A frenulum is a piece of tissue in the baby’s mouth attaching the underside of the tongue to the floor of the mouth. They occur elsewhere in the mouth and body, but this one is called the lingual frenulum.
It's usually loose enough to allow the tongue to move freely, but some babies are born with a tight attachment. This can restrict movement of the tongue, and is graded according to severity. This can have a knock-on effect on a good latch and good feeding, and later on with speech, if very tight and left uncorrected. A minor surgical operation is sometimes recommended to release the frenulum and this corrects the tongue-tie.
You may notice that your baby doesn’t bottle feed or breastfeed as well as you would expect. For breastfeeding mums, you may notice a few signs: that baby is refusing the breast or has difficulty latching on to the breast, baby may be coming off the breast or slipping onto the nipple frequently. Baby may appear more unsettled during meal times or make unusual noises while feeding. They may be more colicky, windy or suffer reflux symptoms, if they are swallowing lots of air during each feed. Our paediatrician has some tips.
As a breastfeeding mother you may notice that the whole process is quite difficult and more challenging. They might take much longer on the breast and require more frequent feeds. You may suffer the pain of mastitis, sore nipples and breast pain during feeding or even a reduced milk supply due to ineffective latch.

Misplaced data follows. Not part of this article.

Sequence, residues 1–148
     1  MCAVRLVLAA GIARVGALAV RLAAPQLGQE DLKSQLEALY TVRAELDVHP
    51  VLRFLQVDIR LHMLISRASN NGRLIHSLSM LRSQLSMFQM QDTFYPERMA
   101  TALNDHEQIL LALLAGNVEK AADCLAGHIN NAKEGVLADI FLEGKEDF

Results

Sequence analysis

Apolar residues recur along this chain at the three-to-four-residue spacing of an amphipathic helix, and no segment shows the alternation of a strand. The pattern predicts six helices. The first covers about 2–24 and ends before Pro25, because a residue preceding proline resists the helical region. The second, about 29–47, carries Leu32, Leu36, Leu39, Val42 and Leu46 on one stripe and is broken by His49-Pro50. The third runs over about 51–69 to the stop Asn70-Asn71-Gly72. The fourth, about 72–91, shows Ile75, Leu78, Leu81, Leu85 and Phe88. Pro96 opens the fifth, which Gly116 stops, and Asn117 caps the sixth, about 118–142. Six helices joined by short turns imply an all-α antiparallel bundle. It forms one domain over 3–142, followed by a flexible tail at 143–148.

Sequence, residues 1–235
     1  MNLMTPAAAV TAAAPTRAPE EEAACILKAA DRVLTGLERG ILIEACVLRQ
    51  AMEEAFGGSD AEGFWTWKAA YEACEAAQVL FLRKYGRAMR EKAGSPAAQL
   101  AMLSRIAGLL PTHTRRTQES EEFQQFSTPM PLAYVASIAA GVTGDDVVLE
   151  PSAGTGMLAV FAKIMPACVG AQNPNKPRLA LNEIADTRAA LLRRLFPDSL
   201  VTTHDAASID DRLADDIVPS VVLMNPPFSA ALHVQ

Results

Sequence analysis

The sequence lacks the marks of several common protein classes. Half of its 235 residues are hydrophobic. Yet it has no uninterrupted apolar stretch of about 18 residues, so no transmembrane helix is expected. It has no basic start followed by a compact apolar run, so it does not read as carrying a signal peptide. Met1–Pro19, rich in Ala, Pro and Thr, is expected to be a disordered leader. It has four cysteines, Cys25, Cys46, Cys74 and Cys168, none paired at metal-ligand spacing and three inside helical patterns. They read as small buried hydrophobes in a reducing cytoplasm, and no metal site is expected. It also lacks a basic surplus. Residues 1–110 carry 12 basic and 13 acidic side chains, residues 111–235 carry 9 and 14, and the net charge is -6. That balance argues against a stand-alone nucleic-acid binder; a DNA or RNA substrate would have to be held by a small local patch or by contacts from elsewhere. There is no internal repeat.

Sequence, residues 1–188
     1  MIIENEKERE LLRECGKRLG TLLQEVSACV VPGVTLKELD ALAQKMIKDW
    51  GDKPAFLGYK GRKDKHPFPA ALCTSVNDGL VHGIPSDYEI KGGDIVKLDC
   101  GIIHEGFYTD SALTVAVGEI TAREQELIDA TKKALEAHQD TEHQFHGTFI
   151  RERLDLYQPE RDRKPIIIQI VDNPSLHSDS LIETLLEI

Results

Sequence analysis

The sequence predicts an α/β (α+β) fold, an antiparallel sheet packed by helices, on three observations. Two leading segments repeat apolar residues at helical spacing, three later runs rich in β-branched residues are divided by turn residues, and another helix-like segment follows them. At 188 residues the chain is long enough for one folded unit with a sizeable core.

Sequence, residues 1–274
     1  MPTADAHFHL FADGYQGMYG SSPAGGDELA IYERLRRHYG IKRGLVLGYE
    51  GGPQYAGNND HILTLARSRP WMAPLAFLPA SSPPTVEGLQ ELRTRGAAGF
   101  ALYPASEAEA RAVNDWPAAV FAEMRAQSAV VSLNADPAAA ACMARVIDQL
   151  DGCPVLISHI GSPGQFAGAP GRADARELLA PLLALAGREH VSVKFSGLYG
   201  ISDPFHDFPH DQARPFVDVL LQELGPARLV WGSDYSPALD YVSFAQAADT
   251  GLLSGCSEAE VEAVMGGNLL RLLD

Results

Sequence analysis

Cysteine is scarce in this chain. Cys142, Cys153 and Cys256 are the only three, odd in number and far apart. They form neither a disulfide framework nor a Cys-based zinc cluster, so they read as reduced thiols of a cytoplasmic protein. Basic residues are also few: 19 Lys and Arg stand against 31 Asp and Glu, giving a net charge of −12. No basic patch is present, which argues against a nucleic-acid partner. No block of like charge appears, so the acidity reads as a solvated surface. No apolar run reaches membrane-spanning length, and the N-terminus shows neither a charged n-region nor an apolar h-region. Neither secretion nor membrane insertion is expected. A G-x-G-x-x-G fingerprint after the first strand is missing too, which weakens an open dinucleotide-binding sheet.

In bottle fed babies you may notice that baby refuses the bottle, pushing the teat away often. They may struggle with teats with a fast flow, therefore requiring feeds more often but in a smaller volume. They may also dribble a lot or choke on feeds.
All of these may affect your baby’s ability to put on weight or cause them to lose weight quickly.
Tongue-tie can be noticed in older babies too, finding solids difficult when it comes to weaning or difficulty articulating certain speech sounds.
Check to see if your baby can pull out their tongue fully. If they can’t, or the end has a heart-shaped fold, or they look like they are unable to move their tongue freely from side to side, then tongue-tie might be present.
It’s not always the easiest thing to diagnose. So if you’re experiencing feeding difficulties and can’t see anything obviously wrong in the mouth, do seek expert help from a tongue-tie specialist. Your health visitor or GP may be able to refer you to them, but you can also contact them privately.
The decision to treat your baby's tongue-tie depends mainly on how well you and your baby are coping. If you decide to go ahead with treatment, your baby can have a releasing procedure, which cuts the frenulum, allowing free movement of the tongue.
The procedure is very quick and easy and relatively painless, it’s done within minutes and baby is awake throughout. Most people find the procedure improves their babies' feeding difficulties straight away, but there are no absolute guarantees and it doesn’t work for everyone.
If you don't want to undertake a procedure, then addressing other areas such as baby’s latch, positioning, as well as utilising breastfeeding supports like nipple shields, can all be tried first.
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